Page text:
Which one of us, while sitting cozily on our comfortable beds and hasn’t shivered to imagine being locked inside an empty flat located absolutely at the top floor, where not even the birds are gonna hear you? What happens when you are stranded alone, forced to survive inside an empty flat? In real life, you grow skeletally thin, and become deeply traumatised by the solitude, unable to communicate properly for months afterwards and in dire need of therapy
As potentially panic-inducing as this vision may be, there’s also something alluring about it. It’s like standing on the edge of a cliff and imagining that fatal leap into the unknown.
This eerie kind of feel is the core of ”Trapped,’‘ Super talented Rajkumar rao in collaboration with the director Vikramaditya Motwane successfully brings those visions thrillingly and hauntingly to life.
With the perfect blend of tone and timing, ‘‘Trapped” visually locks us into to deserted flat with no electricity or water.
We remain stranded there just long enough to be given a realistic taste of what it’s like to have to fend for your self without any support or help.
it is as compelling a cinematic adventure as any Bollywood has produced. The center of the film is an unforgettably gripping, heart-in-your-throat evocation of the unbearable loneliness and terror of ultimate abandonment once its hero, stranded and presumed dead, gives up hope of being rescued but still clings tenaciously to life.
Shaurya gets stuck in an empty high rise without food, water and electricity.The door, with the key on the wrong side, that slams on his face also ends all his hopes of a beautiful future with the girl he loves.
The most devastating sequences, instead of flooding us with music, suspend the soundtrack it allows the sounds of nature to take over. All we hear from Raj Kumar Rao are the grunts and howls of a man exerting himself to stay alive inside a deserted flat. Ultimate isolation, the movie doesn’t have a jarring soundtrack except what the environment churns up along with the ringing in our ears, our heartbeats and the voices chattering in our minds.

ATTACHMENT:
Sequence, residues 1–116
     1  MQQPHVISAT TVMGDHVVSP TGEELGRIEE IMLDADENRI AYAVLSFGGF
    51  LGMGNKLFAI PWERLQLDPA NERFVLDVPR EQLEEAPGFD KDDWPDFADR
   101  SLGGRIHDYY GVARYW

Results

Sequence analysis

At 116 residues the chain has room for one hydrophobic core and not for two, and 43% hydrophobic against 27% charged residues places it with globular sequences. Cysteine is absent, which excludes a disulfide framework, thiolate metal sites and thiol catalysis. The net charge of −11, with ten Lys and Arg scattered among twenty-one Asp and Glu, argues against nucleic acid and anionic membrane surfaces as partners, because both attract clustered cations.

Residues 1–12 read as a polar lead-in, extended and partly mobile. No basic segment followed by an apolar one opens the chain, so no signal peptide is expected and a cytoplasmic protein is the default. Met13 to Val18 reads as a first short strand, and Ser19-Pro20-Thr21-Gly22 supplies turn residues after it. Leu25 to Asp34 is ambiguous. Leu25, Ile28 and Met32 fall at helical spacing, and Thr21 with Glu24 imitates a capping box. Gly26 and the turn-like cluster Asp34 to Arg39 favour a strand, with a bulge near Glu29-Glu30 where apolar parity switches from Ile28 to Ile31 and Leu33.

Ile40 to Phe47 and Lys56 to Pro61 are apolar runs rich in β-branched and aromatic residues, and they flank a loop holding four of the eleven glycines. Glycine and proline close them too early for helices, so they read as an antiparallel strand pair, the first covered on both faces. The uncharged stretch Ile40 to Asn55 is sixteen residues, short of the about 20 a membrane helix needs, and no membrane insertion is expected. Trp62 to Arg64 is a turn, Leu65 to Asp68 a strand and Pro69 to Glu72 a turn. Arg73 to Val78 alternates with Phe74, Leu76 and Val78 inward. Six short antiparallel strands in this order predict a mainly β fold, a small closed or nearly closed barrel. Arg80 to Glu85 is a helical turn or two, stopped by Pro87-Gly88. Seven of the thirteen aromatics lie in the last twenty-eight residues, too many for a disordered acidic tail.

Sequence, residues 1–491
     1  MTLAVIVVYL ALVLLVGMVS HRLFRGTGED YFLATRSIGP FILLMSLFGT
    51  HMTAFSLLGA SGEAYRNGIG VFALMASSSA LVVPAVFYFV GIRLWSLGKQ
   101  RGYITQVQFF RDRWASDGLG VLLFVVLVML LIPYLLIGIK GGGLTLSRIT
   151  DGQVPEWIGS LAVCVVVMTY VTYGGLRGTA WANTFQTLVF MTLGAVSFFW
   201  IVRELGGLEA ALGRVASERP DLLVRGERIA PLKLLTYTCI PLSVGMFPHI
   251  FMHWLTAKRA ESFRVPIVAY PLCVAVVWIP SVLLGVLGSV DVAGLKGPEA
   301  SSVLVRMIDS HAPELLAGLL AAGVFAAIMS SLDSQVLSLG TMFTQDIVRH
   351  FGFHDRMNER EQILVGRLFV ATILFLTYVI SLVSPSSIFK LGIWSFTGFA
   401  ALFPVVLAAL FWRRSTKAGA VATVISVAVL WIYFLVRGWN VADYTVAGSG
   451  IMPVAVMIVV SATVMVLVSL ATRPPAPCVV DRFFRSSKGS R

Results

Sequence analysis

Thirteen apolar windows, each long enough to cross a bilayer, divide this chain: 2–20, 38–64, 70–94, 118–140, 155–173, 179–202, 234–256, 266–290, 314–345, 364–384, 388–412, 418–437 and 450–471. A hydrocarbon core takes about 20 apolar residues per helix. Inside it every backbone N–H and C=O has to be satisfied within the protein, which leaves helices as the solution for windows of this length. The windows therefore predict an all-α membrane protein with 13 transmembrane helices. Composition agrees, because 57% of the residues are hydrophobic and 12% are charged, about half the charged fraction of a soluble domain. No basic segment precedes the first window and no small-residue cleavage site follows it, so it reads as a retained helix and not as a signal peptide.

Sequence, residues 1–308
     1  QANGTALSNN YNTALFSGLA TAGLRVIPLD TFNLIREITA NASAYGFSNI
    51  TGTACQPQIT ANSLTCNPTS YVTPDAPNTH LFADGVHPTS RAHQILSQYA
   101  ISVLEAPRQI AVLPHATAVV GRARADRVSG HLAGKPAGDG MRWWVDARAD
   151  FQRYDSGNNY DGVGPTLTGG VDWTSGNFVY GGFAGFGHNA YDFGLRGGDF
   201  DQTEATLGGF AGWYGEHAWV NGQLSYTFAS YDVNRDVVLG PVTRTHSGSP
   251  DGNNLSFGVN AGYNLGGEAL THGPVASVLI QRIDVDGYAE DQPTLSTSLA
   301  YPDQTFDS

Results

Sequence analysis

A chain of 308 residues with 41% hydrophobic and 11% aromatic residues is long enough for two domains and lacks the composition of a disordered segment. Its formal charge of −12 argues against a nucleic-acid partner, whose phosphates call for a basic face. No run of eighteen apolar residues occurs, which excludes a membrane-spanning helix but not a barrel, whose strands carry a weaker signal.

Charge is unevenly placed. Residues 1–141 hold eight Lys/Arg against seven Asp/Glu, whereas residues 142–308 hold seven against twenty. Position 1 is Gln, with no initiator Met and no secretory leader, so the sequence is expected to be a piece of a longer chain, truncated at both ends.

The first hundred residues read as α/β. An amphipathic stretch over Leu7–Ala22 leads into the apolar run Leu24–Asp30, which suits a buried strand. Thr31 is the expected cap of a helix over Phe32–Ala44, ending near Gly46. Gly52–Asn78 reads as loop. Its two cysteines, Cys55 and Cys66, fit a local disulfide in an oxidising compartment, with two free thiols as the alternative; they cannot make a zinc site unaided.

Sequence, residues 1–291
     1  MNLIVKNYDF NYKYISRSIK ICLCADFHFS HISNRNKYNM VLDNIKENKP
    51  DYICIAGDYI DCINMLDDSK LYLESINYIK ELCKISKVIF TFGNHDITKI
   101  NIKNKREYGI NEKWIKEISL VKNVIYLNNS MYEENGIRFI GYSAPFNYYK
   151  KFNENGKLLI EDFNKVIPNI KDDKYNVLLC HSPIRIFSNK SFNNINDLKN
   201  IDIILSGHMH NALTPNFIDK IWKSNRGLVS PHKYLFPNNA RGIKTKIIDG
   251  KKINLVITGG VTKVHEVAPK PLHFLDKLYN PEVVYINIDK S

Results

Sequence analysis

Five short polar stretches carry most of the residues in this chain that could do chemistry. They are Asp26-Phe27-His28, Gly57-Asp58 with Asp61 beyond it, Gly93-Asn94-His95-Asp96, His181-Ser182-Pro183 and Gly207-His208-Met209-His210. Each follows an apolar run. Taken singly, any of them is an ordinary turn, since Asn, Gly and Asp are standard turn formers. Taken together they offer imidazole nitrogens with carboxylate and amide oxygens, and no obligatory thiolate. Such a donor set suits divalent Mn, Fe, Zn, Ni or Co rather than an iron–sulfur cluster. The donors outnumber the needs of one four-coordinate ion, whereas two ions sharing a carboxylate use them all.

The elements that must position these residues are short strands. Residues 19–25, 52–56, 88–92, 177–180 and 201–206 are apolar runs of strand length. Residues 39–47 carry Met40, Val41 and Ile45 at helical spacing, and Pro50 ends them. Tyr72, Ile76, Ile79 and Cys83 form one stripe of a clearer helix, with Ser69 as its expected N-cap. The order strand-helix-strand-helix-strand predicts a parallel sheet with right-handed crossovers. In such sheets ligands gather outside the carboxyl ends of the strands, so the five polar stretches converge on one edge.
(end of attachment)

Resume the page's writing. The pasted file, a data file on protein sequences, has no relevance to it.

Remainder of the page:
There are intense moments that are hard to bear, such as the one where Shaurya desperately tries to drink his ‘Piss’ due to lack of water and to quench his thirst. Second scene, where he very conveniently roasts a pigeon and eats it. Meanwhile everything is building up to that ultimate decision of whether, and how, he will get out of the flat. These moments pins you down, shakes you up and leaves you glad to be alive.
Trapped is a remarkably resonant story of luck, fate, perseverance, of confronting adversity and death. You inevitably thinks of Robinson Crusoe, but the ending also brings us to think that a strong will can make anything possible.
Three cheers to Raj Kumar Rao, who’s superb acting abilities connects the viewer to the character almost instantly, and Mr. Motwane‘s speedy, jumpy style keeps us hooked on to the film till the end. The wonderful thing about ‘Trapped’, though, is that it doesn’t shy from this fact. It’s not a film about superheroism, necessarily, because this is about a man who uses the same skill sets to get himself out of the trap. It’s not a movie with a strong message; there is nothing and nobody else to blame — Shaurya literally falls victim to his own carelessness. It is a film about optimism, about how one man, arguably takes charge of his destiny and turned things right around.
‘Trapped’ should really work, because the story line is believable. This is one of those survival stories that can happen to any of us:
Overall : Trapped is surprisingly fun, effervescent against-the-odds drama that offers an upbeat moral without the usual punishing survival-story clichés. Not for the faint-hearted, mind.
A Must Watch